You’re likely going to hear plenty about Medicaid, tax reform and school transfers during the coming legislation. Here are some bills you might have missed during pre-filing that could make a sudden appearance, in no particular order.
1) SJR 32
Sponsor: Sen. Maria Chapelle Nadal, D-University City
Upon voter approval, this resolution would allow the Senate to remove the Commissioner of Education by a vote of two-thirds of its members. The bill was filed after some Democrats publicly accused Commissioner Chris Nicastro of secretly coordinating with education reform groups that favor charter school expansion by helping them write favorable ballot language. The bill will likely highlight the philosophical divide among lawmakers with regard to improving education.
Sponsor: Sen. Maria Chappelle-Nadal, D- University City
This resolution would, upon voter approval, merge the City and County of St. Louis. One of the longest standing fights in the state; any merger legislation is likely to bring plenty of debate.
Sponsor: Sen. Jamilah Nasheed, D- St. Louis City
Nasheed’s bill to increase minimum wage in the state to $10/hour is not likely to gain much traction in the conservative Senate. But if Nasheed’s goal is to trigger the debate — something she freely admits she delights in doing — then it is likely to be a success amidst strikes from fast food workers in St. Louis, Columbia and Kansas City last Summer and Fall that demand better wages for employees.
Sponsor: Sen. Will Kraus, R-Lee’s Summit
The bill marks the first photo-ID bill related to voting during the session. If passed, the bill would require all voters to present a valid photo-ID issued by the state in order to cast a ballot. With Kraus long rumored to be eyeing a challenge to Democratic Secretary of State Jason Kander and one Democrat in the Senate vowing to “die at my desk” before the bill ever passes, this bill is sure to create some entertaining floor and committee debate.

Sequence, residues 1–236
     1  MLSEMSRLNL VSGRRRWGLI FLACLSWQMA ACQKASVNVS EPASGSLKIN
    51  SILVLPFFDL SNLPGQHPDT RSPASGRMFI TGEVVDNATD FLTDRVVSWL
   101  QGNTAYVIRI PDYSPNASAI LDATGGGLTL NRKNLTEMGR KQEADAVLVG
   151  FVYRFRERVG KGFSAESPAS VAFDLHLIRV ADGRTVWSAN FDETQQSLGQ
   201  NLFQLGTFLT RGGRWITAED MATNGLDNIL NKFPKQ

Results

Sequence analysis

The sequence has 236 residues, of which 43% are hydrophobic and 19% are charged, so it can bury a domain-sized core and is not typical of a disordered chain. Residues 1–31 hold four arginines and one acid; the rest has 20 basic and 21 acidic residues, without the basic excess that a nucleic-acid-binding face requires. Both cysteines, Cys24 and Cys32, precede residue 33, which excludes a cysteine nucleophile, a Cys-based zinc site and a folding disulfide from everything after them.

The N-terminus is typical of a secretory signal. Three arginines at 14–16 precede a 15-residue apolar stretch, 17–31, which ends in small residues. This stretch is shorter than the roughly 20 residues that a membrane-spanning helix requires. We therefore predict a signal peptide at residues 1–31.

Sponsor: Rep. Jeff Grisamore, R-Lee’s Summit
The “Show-Me Healthy Babies Act” would expand eligibility for healthcare coverage of newborns and infants based on dire economic need. Grisamore, House Chairman for the Committee on Children, Families and Persons with Disabilities, is entering his final few months in the Missouri House, and looking to make a splash.
6) HB 1106
Sponsor: Rep. Chuck Gatschenberger, R-Lake St. Louis
Gatschenberger’s bill would prohibit the use of cellphones when driving unless they are connected to a hands free device. 41 states already ban texting while driving while another 37 have some restrictions on talking while driving. With so many states on the bandwagon, this bill might have an inevitable climb to Gov. Jay Nixon’s desk.
7) HB 1119
Sponsor: Rep. Jeremy LaFaver, D-Kansas City
LaFaver’s bill takes aim at the commonly known “circuit breaker” tax credit. LaFaver expands the credit by 25 percent for eligible families and business owners. In a legislature increasingly skeptical of tax credits, where the circuit breaker has struggled to stay afloat in the past, any effort to expand it should draw passionate debate.
8) HB 1122
Sponsor: Rep. Joshua Peters, D-St. Louis City
The youngest member of the Missouri Legislature didn’t join his fellow Democrats until late last spring after a special election. But Peters bill, known as the “End Racial Profiling Act,” would prohibit any profiling based on race and require the Attorney General to compile information on compliance and violations. Whether a bill on racial profiling from a black freshmen Democrat can gain any traction should be telling, as the young lawmaker is looking to cut his teeth on his first bill sponsorship.
9) HB 1148
Sponsor: Rep. Ron Hicks, R-St. Peters
Hicks bill deals with abortion, which means it is by definition controversial. His bill requires an ultrasound be conducted and reviewed with a pregnant woman prior to the legally prescribed 24-hour waiting period for an abortion. If last year’s bills dealing with abortion-inducing drugs was any indication, this bill should stir some emotions on the floor.
10) HB 1170
Sponsor: Rep. Michael Butler, D-St. Louis City
Butler’s bill is known as the “Missouri Parent/Teacher Involvement Act.” It is nearly impossible to listen to lawmakers discuss education without someone bemoaning poor parental involvement in Missouri’s worst schools. In a session likely to be filled with more controversial bills dealing with tuition and transfers, Butler’s bill to give state grants to schools conducting rigorous community outreach programs might be the cure to the often-cited ill that makes it through the legislature.
Collin Reischman was the Managing Editor for The Missouri Times, and a graduate of Webster University with a Bachelor of Arts in Journalism.